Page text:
York computer museum boots up

It”s a first for York and it”s known as the York University Computer Museum (YUCoM) and Center for the History of Canadian Microcomputing Industry. “Virtually” new (it came into being only late last year) it is still a relatively small, but growing historical collection and research center on the history of computing. It is located in the York”s Department of Computer Science & Computer Engineering.

Its mission is to preserve, document, and interpret the history of the information age in Canada, with special emphasis on the creation and the development of the Canadian microcomputing industry, says curator and founder Zbigniew Stachniak, York computing science professor.

The museum is interested in acquiring hardware, software, and documents related to the history of computing, and it maintains a collection of computer artifacts of historical significance to Canada. The collection preserves relevant historical documentation in all media. The museum also initiates and supports a broad range of activities from historical research and student supervision to exhibits, lectures, seminars, and other forms of public presentation, says Stachniak.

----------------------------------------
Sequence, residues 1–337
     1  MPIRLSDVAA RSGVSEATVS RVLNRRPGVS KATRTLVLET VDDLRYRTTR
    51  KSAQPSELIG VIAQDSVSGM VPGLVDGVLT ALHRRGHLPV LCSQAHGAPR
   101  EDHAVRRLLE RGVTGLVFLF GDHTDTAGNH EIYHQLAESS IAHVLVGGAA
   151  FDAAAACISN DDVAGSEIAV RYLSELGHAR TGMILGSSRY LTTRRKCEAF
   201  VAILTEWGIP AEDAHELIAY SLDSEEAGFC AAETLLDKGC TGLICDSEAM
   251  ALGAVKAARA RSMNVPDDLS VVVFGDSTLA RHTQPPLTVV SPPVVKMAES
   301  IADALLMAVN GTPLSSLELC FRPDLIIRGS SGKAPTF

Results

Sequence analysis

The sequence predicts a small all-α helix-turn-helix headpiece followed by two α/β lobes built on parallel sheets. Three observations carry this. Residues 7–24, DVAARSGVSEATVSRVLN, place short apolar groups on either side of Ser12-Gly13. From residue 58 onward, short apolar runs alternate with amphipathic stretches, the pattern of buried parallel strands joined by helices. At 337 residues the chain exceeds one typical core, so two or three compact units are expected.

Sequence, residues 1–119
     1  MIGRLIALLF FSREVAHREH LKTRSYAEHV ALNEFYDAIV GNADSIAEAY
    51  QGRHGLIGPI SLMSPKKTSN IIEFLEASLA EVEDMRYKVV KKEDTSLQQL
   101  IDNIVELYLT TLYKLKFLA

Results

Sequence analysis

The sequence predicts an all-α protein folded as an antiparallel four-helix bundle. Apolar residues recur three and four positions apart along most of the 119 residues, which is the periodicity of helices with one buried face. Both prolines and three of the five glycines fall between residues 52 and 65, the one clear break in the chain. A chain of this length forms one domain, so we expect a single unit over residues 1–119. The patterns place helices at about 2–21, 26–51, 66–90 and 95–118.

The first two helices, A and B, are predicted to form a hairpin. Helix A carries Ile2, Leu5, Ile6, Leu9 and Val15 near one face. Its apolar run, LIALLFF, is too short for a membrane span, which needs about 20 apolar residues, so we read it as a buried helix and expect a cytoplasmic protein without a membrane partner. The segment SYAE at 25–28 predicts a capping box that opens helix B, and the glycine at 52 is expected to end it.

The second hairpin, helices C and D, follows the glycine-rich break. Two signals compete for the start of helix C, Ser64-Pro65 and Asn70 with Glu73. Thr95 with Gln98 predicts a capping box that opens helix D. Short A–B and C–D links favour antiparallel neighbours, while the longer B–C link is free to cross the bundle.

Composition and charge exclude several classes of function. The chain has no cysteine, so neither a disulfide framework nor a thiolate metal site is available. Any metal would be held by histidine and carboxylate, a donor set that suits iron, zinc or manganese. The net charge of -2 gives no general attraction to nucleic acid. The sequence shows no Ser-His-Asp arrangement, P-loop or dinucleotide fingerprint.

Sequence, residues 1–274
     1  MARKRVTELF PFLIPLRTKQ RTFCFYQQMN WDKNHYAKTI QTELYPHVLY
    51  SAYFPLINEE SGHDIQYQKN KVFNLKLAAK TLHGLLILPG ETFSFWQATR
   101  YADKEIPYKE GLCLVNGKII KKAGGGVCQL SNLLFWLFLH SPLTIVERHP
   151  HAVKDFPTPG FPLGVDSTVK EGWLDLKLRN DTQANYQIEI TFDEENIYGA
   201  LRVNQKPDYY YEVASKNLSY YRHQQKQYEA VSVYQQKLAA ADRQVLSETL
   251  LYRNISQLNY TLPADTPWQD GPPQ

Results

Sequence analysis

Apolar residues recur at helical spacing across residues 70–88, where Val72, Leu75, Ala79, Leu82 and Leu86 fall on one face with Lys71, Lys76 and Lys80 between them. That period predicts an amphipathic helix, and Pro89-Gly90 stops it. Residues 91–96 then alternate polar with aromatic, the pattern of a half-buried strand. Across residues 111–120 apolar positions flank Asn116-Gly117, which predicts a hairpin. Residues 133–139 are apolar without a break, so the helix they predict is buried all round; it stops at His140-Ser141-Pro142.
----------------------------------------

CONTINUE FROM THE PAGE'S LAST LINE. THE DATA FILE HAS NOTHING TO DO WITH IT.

Present collection materials include, among other objects, more than 150 hardware artifacts and the MCM Collection — named after Canadian company Micro Computer Machines Inc. (MCM) of Toronto. MCM was among the first companies to fully recognize, articulate, and act upon the immense potential of microprocessor technology for the development of a new generation of cost effective computing systems.

The MCM/70 computer, designed by MCM in the period between 1972 and 73, is the earliest example of a microcomputer manufactured specifically for personal use. In other words, says Stachniak, the Canadian built MCM/70 was the world”s first personal microcomputer!

And there is more — two of the core members of the engineering team that worked on the MCM/70–Gord Ramer and Dom Genner–worked at York University before joining MCM. While at York, they developed the York APL programming language and that proved critical for the writing of software for the MCM/70 computer.

The MCM/70 was followed by the MCM/700, /800, /900, the MCM Power and MiniPower computers. The MCM Collection is an archive documenting the personal computer development activities at MCM.

For more information on the museum see the virtual fonds at www.cs.yorku.ca/~zbigniew/museum.html.